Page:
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Police Boss to Spend Day on The Streets to Raise The Profile of Homeless People in Wrexham

NOTE: This content is old - Published: Monday, Jun 19th, 2017.

A police boss is taking to the streets of Wrexham to experience first hand exactly what life is like for the growing number of homeless people in the town.

North Wales Police and Crime Commissioner Arfon Jones will be taking part in the sponsored Day on the Streets organised by AVOW – the Association of Voluntary Organisations in Wrexham – on Saturday 15th July.

Mr Jones will take to the streets as part of a group of between 20 and 30 people and spend 12 hours, from 8am until 8pm, going through the same laborious and precarious routine followed by many homeless people.

At the same time as highlighting their plight, the former police inspector aims to raise as much cash as possible for the charity, Wrexham Homeless. Any funds raised will go towards supplying those in need with sleeping bags, tents, food and warm clothing.

Recent figures released by the Welsh Government revealed that Wrexham has the second highest rate of rough sleeping in Wales after Cardiff with numbers up nearly 60% in a year.

A snapshot sample taken last November revealed North Wales’s largest town had the most with 27 people spotted bedding down outside at night. The numbers were up 59% from the 17 people who were spotted during a similar count taken in November, 2015.

A local charity dealing with the problem says there are currently about 30 people homeless people in Wrexham.

Peter Jones, a substance misuse volunteer co-ordinator with AVOW who is organising the day, explained that similar sponsored events in the town have raised a few hundred pounds for the Wrexham Homeless Charity.

He continued: “It’s usually an overnight sleep-out to simulate the hardships of spending the night outdoors but this is the first time we’ll be doing it in the daytime. That’s because we believe 8am-8pm is the most difficult period for the homeless.

“The night shelter in Holt Road where many of the homeless spend the night closes at 8am and they have to leave which means they have to find somewhere to go until it opens again at 8pm.

“If they go into public buildings or bus shelters they can be moved on and if they have a Public Space Protection Order against them and go into the town centre they can be arrested for breaching it, so sleeping is the easy bit.”

The event next month will begin at the Ty Nos night shelter on Holt Road, before participants are spilt into groups and are dispersed across the town for 12 hours.

There will also be a visit to Ty Croeso adult support centre on Grosvenor Road during the morning for a cup of tea and slice of toast, however after that participants are on their own for the rest of the day.

Organisers say the event will be made as realistic as possible, with those taking part carrying only a change of clothes and a sleeping bag or blanket.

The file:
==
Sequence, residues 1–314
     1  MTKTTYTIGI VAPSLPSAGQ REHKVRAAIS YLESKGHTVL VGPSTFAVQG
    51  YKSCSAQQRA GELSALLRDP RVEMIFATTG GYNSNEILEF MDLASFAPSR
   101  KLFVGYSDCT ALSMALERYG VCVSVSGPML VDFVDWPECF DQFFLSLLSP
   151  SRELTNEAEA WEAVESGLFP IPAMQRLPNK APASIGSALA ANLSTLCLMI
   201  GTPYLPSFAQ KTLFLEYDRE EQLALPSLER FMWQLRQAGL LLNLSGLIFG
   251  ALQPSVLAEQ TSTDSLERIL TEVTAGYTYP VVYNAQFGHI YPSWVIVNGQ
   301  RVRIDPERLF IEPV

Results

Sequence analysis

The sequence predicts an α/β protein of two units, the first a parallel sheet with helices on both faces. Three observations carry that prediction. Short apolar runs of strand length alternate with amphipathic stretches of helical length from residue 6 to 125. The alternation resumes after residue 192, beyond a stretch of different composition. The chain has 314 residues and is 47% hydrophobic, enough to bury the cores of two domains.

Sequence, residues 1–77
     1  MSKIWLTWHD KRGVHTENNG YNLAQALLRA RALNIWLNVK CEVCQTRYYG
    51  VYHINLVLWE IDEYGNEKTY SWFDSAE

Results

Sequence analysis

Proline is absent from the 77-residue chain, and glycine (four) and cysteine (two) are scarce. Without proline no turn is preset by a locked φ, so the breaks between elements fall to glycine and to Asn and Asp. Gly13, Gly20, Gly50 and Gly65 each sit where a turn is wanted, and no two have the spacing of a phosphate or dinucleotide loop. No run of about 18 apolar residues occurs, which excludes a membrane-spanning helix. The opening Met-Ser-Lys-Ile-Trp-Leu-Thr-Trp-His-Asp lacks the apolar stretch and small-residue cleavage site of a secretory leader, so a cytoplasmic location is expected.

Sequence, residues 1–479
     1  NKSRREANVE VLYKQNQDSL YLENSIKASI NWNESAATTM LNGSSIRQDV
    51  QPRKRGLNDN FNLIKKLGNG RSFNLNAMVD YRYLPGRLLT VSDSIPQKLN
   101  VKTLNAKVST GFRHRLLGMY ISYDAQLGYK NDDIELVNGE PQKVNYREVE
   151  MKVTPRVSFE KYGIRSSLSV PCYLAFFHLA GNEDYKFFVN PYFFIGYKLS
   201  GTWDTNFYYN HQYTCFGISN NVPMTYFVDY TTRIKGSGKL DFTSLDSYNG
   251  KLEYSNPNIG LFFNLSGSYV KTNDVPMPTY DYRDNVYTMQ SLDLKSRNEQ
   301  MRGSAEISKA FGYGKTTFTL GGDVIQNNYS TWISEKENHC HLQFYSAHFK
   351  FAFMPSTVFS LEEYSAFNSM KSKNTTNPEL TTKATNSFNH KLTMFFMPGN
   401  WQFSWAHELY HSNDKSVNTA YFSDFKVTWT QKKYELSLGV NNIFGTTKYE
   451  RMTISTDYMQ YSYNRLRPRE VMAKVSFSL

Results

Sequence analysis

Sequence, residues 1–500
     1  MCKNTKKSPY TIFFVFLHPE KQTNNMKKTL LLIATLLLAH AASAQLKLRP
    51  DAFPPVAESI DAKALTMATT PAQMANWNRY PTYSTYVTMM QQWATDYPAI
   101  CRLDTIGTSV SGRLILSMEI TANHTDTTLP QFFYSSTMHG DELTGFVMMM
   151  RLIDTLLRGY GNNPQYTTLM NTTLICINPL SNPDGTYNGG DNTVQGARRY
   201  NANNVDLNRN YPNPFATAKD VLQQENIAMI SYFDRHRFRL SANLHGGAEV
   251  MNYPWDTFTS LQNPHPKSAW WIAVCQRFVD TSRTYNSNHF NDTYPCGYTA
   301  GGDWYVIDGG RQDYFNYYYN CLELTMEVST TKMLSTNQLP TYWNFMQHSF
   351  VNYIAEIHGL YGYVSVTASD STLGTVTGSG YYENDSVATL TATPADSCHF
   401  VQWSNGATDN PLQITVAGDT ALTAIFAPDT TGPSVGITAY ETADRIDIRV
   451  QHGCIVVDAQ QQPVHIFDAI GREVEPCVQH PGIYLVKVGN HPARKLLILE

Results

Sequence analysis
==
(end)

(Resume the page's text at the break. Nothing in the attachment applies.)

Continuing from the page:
Tanya Jones, manager of the Wrexham-based Rough Sleeper Intervention Programme run by the charity Wallich and recently won the PCC’s People Award in his annual community awards, said Mr Jones’s involvement in Day on the Streets was very welcome.

“It’s incredibly important for him to be taking part and helping to raise the profile of homeless people in Wrexham,” she said.

“Being homeless is not just about sleeping out overnight but also the long daytime hours when people have nothing in their pockets and nowhere to go and are constantly being moved on.

“Our clients have to deal with this for months and months on end. It can be soul-destroying and very lonely. It’s important that the PCC sees this at first-hand.

“The number of homeless people in Wrexham is escalating and it doesn’t look like there will be any decrease in the figures. We estimate there are currently about 30 people either accessing the local night shelter or sleeping rough.”

Arfon Jones said: “It should be a very interesting and informative exercise and provide a real insight into the homeless problem in Wrexham.

“Lots of people see a person suffering homelessness as spending their nights on the streets but for the rest of the time they are sitting on park benches and in doorways day after day, week after week, month after month. They’re often asked to move on in all weathers carrying everything they own in a rucksack or carrier bag.

“On July 15 we’ll be experiencing exactly what this is like without funds and walking the streets.”

He added: “The reason I’m getting involved is that there’s a lot of correlation between substance abuse, mental health issues and homelessness.

“The symptoms of all three of these things are similar – anti-social behaviour and criminal activity – because often the only way a homeless person can survive is by shoplifting and the only way they can feed themselves is via a charitable organisation.

“If you are able to reduce the level of homelessness you can reduce harm to the individual who is homeless, reduce crime and offending and provide reassurance to the public who are fearful of homeless people.

“Everyone is welcome to come and join us on July 15 and together we can hopefully make this a massive success.

“I have set up a sponsorship page on Just Giving and my initial target figure is £500, although I’m hoping to raise quite a bit more.”

For those wishing to help sponsor forms are available from Ty Croeso at 31a Grosvenor Road, Wrexham, LL11 1BT, or via Mr Jones’s sponsorship page.

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